IMF “forces” macroeconomic responsibility and sound practices and that translates usually in austerity yes. And that of course, means loss of sovereignty, since the nations is not free to do what it wants. Rightly so (not being free).
    The fault however is not IMF’s but the nation’s, most often because of irresponsible policies.

    It’s like a junkie that asks for help and the IMF says “ok, but I only help if you stop taking drugs and go on therapy. I’m not going to help giving you money for you just to keep on with your addiction that brought you in the present condition”.

    Don’t like FMI? Don’t call it, they won’t bother you.
    Call it and don’t like the conditions? Fine: you part your ways amicably. N help is given of course.
    There is no obligation to help. FMI is no charity for beggars. And beggars cant’t be picky choosers.

  • kevin oconnor,waterford ireland February 27, 2010, 2:08 am

    Hiss as much as possible that’s all you can really do anyway, there’s bigger fish around Greece for example at 50 billion thereabouts, Iceland icesave is small beer except for Iceland of course, get everly whatshername to scoop as many assets as poss.

  • Joerg February 27, 2010, 7:05 am

    @Lino

    I think, last year the negotiators of the (new) government (without the opposition parties directly involved) had been rather incompetent than insincere. In my view this has changed since all old four parties decided to become friends and negotiate united, backed by some foreign lawyers.

    The degree of insincerity increased most perceivably with the petition, leading up to this makeshift direct democracy stunt. People signed believing to vote for non-payment. After delivering the results of the petition to the president the organisators hypocritically told everybody that they never questioned that Iceland was indeed prepared to pay, just not at the terms at hand. But the actions tell a different story.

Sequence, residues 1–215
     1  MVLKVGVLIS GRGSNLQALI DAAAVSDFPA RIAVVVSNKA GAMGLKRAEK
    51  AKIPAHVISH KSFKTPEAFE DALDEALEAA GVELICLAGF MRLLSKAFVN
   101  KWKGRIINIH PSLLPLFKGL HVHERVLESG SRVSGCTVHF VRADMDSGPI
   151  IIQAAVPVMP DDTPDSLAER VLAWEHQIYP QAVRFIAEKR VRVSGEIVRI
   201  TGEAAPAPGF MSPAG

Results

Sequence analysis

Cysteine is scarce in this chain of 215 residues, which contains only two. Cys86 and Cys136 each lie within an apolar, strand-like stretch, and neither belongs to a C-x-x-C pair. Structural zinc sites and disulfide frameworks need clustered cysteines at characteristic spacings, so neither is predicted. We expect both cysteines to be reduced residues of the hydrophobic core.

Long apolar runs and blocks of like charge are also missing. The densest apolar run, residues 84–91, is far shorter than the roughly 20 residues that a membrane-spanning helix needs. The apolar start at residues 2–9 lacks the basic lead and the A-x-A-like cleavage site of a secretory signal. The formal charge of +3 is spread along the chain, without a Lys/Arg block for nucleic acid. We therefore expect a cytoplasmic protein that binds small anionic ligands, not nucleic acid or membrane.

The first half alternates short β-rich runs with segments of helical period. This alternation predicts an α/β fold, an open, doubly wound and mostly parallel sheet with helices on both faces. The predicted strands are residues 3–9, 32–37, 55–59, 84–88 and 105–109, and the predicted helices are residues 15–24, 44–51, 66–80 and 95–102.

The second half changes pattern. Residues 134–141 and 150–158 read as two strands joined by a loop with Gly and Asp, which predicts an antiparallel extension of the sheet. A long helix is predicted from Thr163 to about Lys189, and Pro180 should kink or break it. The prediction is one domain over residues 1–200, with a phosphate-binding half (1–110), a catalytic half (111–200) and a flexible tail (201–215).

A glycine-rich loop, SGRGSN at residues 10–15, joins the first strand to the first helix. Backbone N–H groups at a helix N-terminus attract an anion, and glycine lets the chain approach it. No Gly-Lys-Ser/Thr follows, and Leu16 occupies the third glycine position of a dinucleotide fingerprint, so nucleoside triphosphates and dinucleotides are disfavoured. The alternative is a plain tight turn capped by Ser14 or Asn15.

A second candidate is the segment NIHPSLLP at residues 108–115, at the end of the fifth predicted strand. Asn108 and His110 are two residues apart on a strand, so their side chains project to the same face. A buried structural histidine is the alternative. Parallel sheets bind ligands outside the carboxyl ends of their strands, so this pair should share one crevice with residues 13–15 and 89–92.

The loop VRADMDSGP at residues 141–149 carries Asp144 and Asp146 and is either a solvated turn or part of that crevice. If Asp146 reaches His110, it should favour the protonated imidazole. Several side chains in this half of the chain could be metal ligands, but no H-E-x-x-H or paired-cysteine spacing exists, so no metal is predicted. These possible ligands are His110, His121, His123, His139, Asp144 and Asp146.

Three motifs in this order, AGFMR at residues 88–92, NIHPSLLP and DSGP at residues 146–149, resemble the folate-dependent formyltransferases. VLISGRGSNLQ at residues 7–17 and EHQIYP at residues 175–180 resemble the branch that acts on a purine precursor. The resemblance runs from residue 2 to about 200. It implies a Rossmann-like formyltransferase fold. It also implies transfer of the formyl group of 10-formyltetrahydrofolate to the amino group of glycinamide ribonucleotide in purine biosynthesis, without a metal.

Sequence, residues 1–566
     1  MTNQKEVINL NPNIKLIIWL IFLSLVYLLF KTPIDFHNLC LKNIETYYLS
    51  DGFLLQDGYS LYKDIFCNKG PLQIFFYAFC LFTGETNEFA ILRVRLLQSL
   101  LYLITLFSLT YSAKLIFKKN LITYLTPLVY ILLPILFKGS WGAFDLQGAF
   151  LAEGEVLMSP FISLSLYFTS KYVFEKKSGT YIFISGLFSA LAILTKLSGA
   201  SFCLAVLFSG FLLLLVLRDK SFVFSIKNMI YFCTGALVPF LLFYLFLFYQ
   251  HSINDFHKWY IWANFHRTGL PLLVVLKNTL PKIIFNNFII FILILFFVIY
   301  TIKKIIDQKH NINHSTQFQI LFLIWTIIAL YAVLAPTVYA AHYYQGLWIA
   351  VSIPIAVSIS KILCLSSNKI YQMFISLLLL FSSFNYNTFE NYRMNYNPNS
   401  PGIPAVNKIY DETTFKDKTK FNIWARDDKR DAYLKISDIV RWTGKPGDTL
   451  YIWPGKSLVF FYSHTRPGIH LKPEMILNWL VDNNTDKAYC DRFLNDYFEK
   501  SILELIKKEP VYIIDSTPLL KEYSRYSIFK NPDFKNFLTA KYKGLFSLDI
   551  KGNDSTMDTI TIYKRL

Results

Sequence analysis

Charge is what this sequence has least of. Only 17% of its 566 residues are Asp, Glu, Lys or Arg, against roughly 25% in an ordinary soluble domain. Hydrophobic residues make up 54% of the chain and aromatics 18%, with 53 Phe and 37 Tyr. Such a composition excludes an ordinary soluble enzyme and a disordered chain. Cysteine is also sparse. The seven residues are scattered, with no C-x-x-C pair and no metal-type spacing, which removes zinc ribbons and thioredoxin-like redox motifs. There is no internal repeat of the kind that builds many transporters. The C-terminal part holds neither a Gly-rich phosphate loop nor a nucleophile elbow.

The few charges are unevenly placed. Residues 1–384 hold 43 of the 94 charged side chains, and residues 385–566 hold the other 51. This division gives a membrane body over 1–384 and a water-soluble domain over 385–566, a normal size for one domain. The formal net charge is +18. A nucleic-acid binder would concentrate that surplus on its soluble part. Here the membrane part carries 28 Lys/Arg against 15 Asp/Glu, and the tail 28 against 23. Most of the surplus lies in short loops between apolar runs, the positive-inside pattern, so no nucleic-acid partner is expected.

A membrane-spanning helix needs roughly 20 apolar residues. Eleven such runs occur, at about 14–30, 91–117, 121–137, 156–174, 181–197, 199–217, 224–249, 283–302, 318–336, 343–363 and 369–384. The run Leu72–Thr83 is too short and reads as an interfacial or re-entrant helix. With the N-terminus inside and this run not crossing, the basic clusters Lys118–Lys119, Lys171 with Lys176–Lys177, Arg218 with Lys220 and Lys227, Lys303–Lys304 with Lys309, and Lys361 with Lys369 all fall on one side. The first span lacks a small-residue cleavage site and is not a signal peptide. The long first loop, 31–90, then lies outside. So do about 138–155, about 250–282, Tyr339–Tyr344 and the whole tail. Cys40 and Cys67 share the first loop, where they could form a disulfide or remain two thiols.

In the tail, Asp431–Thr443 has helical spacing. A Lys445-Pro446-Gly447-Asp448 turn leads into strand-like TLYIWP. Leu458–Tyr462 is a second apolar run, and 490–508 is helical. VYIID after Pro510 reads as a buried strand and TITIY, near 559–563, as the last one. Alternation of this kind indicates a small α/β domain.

• Lino February 27, 2010, 2:36 pm

    kevin oconnor
    “there’s bigger fish around Greece for example at 50 billion thereabouts”

    hear hear: and they are “smart” and ruthless, individually and as colletive 🙂

    and in a way, they’re taking advantage of Ireland sacrifices as well: what’s the point of being virtuous if you can get away with your profligacy?

  • Lino February 27, 2010, 2:46 pm

    @Joerg
    “the negotiators of the (new) government (without the opposition parties directly involved) had been rather incompetent”

    even worse, I prefer to have buccaneers on my team working for me than incompetents…

    “backed by some foreign lawyers”

    … who are doing their backing “pro bono”, for free , having at heart only Iceland’s interest… Joerg don’t be naive (I know you’re not).
    Some lawyer will have you enter litigation even knowing you would lose: they (lawyer) would not anyway.
    Unless these foreign lawyers are paid only if Iceland wins, I would be wary “of help”: what and how are these lawyers paid?